How to cope if your parent is suffering from dementia

It can be incredibly difficult to adjust when a parent has been diagnosed with or is suffering from dementia or Alzheimer’s.

Their behaviour is likely to change, they will begin to react to things differently, which, in turn, is bound to have an effect on your day-to-day life.

However, even though the transition is not easy, there are things you can do to accept your parent’s diagnosis and make life easier for them and yourself. Grainne McCarthy, clinical lead at private care provider Elder (elder.org) gives her advice.

Memory

Get educated

Grainne advises that one of the first things you do if a parent has been diagnosed with dementia or Alzheimer’s is to find out as much information as possible about the condition.

What stage are they at and what does it entail? What is the prognosis and are there any treatments or medications available? Knowing what you are up against can help you deal with the condition better, support your parent and make all the necessary adjustments quicker.

Plan ahead

If your parent is suffering from a memory degenerative disease, planning ahead is one of the steps you can take to make the transition easier for both yourself and your parent. The doctors might advise you to look into the power of attorney so that you can take charge of your parent’s finances and documents.

You should also look into more mundane tasks, such as paying the bills – addressing administrative tasks earlier on will prevent you from worrying about them at later stages. You should also think about driving. Many people with dementia and Alzheimer’s are prevented from driving, so you should consider the different ways in which your parent can travel.

Allow yourself to grieve

For many children, the first emotion they experience when a parent is diagnosed with dementia or Alzheimer’s is a feeling of anticipatory grief. Children will begin to pre-empt the things they and their parents will lose due to the condition – from memories, to independence and even personality changes.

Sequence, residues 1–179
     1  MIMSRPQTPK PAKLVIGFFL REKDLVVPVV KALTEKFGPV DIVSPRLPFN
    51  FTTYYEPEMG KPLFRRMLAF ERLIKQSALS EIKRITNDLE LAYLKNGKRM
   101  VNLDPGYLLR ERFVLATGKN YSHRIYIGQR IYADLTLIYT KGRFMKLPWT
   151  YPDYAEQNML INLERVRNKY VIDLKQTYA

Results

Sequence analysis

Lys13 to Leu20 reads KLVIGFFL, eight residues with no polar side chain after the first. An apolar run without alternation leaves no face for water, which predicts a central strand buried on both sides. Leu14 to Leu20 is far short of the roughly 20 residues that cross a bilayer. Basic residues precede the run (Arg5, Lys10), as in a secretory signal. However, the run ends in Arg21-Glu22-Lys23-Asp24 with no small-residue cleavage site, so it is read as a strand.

The best way to cope with this is to accept the feelings and not bottle them up. A survey by Alzheimer’s Society found that as many as 80 per cent of carers find it difficult to vocalise the impact caring has on their emotional well-being. Talk to your friends and loved ones and work through the different stages of grief as they occur.

Focus on the positives

As your parent’s behaviour changes and the child/parent roles reverse, it is essential you maintain the positive nature of your relationship with your parent. Focus on your day-to-day interactions, rather than dwelling on the relationship and how it used to be, as that will prevent you from accepting the diagnosis and helping your parent.

You should also consider the different ways in which the relationship can be helped and maintained – whether through reminiscence, art, music or life stories you and your parent can go through to aid communication. In fact, researchers at the University of Virginia found that music and singing boosts brain activity in individuals diagnosed with dementia and Alzheimer’s.

Practice patience

One of the key emotions that will help you cope is patience. As difficult as it can be, you need to remember that the condition does not define your parent. For example, if they have forgotten a particular memory, there is no point in arguing about it with them – it will just cause upset to them and frustration for you. Instead, work on letting things go and focusing on the positives.

Look after yourself

Caregiving can take a toll on your health, both physical and mental, which is why it is essential that you don’t try and take on all the duties of care yourself. Get other members of your family involved as much as possible – not only will this ease your workload, but it is also good for the person suffering from dementia or Alzheimer’s, as spending time with more than one person is greatly beneficial.

Make sure to keep talking to and seeking support from your social network, as that will help you work through your emotions and prevent you from experiencing too much mental strain. If you feel you are not coping then you shouldn’t be afraid to seek further assistance, either by talking to those going through a similar experience or looking into professional care services to help you.

One Response to Coping with dementia

  1. Anne says:

    One worry that is never mentioned is the question of money. When the house is sold to pay for care the worry is will there be enough to cover the cost of the home for long enough. What will happen when the money runs out. The process of Dementia can last a very long time and it is a real worry whilst coping with the sadness that the disease causes family.

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